Thirteen-year-old Alfi Patten and Chantelle Stedman, 15, the teen parents from the UK, seem to be caught in a media maelstrom. Observers now worry about the traumatic impact of it all.
The parents themselves seem to be in a hurry to strike it rich quick, selling their stories, but the law seems to catching up with at least one pair.
AdvertisementThe mother of Alfie is due to appear in court next week for failing to ensure the 13-year-old attends school.
Nicola Patten, 43, is facing charges relating to a five-month period last year when he failed to attend regularly Willingdon Community School.
A source close to the school said: 'We don't see Alfie at school that often. He plays truant a lot.'
The council started court proceedings against Mrs Patten under the Education Act and as a result she could be fined.
The news came as the baby's mother Chantelle Stedman, her newborn child, her parents and five brothers ad sisters fled from their council house in Eastbourne yesterday.
A neighbour said the family had 'done a bunk' under cover of darkness.
Alfie, at home with his mother, kept in contact with Chantelle by phone.
It's not clear why the Stedmans chose to flee. Excessive media attention or some huddling on future deals?
It is also reported that the parents of both children, Penny and Steve Stedman and Nicola and Dennis Patten are thought to be keen to determine the father of the child and hence DNA tests are proposed.
The girl herself is said to be maintaining it was Alfie who had impregnated her, but others also claim to have had sex around the same time. There are three boys in the race. Hence the families are asking the social services to help to determine the paternity.
Max Clifford, the newly appointed spokesman of the Pattens said, 'Alfie believed he was the father but due to reports in the News of the World at the weekend, he wants to make sure by having a DNA test as soon as possible.'
To resolve the dispute a saliva test might be resorted to, all right, but should the civic authorities pay for it all is the question now. East Sussex County Council refused to comments on claims that its social services department would pay for the paternity test, but sources said that such tests would be up to the individuals to pay for, and not the local authority.
A spokesman for East Sussex Downs and Weald Primary Care Trust said the NHS also did not pay for DNA tests.
Actually there are six claimants, it is said. How the girl is receiving such reports is not known, but some suggest that she is indeed distraught.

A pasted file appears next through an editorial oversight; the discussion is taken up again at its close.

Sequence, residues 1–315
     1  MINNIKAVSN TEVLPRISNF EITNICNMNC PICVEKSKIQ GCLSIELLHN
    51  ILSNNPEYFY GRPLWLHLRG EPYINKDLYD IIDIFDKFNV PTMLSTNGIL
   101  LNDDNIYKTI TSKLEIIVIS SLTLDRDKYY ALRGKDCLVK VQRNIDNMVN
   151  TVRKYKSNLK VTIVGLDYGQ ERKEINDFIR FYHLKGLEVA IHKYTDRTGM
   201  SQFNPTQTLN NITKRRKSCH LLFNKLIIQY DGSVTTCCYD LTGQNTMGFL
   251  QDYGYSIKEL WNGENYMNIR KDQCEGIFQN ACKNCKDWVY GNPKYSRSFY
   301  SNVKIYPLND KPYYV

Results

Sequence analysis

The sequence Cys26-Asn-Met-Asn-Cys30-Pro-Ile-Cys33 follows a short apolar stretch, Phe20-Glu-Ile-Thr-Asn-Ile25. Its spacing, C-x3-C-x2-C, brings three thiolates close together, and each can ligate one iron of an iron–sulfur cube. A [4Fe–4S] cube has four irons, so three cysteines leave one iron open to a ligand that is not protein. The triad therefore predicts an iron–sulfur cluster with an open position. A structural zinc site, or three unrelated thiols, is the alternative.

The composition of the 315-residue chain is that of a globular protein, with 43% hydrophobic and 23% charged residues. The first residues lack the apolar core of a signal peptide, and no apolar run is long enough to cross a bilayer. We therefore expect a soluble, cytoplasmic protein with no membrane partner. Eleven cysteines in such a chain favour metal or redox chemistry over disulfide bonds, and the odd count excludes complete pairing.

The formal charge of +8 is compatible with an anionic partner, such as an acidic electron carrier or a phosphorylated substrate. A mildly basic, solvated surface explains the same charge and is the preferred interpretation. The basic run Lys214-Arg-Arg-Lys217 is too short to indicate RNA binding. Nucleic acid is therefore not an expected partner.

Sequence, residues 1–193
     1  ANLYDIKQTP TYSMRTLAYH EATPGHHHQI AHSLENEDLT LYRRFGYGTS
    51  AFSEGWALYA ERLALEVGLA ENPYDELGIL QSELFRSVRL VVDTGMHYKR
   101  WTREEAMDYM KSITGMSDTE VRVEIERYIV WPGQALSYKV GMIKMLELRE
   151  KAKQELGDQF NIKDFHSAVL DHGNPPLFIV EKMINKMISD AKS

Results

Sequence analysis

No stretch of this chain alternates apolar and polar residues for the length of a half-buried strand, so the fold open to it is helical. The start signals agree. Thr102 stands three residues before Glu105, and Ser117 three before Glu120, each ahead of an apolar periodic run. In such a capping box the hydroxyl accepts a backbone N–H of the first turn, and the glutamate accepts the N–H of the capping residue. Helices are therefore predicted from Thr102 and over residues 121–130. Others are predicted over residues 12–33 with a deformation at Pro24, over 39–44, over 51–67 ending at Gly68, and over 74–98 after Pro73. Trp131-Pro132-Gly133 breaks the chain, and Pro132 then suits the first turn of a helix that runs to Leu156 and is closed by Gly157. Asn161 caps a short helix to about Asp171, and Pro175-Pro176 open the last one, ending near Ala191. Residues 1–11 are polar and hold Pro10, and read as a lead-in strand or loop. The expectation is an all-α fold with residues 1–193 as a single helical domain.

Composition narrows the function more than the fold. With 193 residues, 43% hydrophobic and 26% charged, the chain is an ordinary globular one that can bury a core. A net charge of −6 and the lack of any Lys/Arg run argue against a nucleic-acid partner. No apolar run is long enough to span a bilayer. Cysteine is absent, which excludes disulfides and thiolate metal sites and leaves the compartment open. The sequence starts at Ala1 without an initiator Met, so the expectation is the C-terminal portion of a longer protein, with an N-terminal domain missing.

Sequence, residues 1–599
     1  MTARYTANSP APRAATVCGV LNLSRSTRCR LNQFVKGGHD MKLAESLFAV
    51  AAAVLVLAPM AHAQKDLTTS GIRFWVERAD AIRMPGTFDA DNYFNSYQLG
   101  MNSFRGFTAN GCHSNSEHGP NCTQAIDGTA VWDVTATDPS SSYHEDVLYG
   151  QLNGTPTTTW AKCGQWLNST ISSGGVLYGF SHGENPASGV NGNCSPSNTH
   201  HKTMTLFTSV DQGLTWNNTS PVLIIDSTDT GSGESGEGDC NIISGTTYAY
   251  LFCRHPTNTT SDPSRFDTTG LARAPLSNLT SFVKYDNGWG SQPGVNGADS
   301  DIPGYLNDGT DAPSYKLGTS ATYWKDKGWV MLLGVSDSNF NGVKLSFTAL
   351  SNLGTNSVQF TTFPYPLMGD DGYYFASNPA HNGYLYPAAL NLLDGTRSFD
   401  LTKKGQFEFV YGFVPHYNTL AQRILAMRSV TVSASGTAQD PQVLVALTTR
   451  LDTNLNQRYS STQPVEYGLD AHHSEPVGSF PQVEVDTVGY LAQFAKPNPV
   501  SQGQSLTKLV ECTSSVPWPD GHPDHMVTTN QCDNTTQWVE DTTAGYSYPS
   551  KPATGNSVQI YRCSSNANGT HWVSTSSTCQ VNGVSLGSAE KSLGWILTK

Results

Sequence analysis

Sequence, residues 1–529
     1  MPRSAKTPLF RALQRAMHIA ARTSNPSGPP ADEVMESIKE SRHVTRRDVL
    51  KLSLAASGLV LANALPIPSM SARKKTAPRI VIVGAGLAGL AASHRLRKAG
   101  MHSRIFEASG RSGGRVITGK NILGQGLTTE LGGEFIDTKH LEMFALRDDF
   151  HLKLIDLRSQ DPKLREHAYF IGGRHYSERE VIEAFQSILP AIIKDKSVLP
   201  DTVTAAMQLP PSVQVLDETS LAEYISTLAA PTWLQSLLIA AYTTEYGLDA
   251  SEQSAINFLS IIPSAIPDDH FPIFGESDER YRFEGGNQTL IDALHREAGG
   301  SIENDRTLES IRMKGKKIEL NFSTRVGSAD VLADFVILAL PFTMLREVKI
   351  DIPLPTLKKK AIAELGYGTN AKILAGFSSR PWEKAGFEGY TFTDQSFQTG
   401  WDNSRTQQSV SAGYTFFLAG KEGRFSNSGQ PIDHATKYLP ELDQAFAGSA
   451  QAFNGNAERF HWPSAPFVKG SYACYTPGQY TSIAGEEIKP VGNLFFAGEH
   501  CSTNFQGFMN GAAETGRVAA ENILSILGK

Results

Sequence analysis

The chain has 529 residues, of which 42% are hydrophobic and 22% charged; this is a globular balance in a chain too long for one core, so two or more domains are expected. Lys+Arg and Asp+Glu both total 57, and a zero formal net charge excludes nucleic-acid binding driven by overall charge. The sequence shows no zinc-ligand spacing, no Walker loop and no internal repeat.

Publicist Phil Hall agreed the families were unlikely to gain millions from selling their story - unless it had a happy ending.
He said a lot of the media are becoming wary of paying huge amounts for the story when there was public concern about where the money was going.
'If by some miracle he (Alfie) becomes an incredible father, then he has the potential to earn a lot of money - but the story has to have a happy ending,' he said.
He also said one TV company had made a bid for £80,000 but that most media would choose to refrain from paying for the story 'on moral grounds.'
One source said the Channel 4 documentary would earn the family about £50,000, but Clifford said the real figure was 'much below that'.
He added that the documentary would provide 'a realistic insight into a major issue of our time'.
Asked how the 13-year-old was handling life as a father he said: 'It hasn't really hit him yet, he's still a boy himself - he's still trying to come to terms.
The seemingly cynical manipulation of the children by their own respective families as also by a voyeuristic media raise many uncomfortable questions over the moral universe of the Britons.
Psychologists are also worried how the children will emerge from the ordeal. The picture of Alfie, face covered, but a finger poking out rudely, is perhaps a pointer to the shape of things to come.
For its part, the Press Complaints Commission (PCC) confirmed it had launched an inquiry into payments by The Sun and the People newspapers to Alfie's parents, Daily Mail reported.
Announcing the inquiry, a PCC spokesman quoted clause 6(iv) of the Editors' Code of Practice which says: 'Minors must not be paid for material involving children's welfare, nor parents or guardians for material about their children or wards, unless it is clearly in the child's interests.'
The PCC statement said: 'Newspapers are allowed to breach this rule if there is a demonstrable public interest.
'The PCC will make a public ruling on the matter when it has completed its investigation.
'The commission has powers - under which it is conducting this inquiry - to launch investigations of its own volition."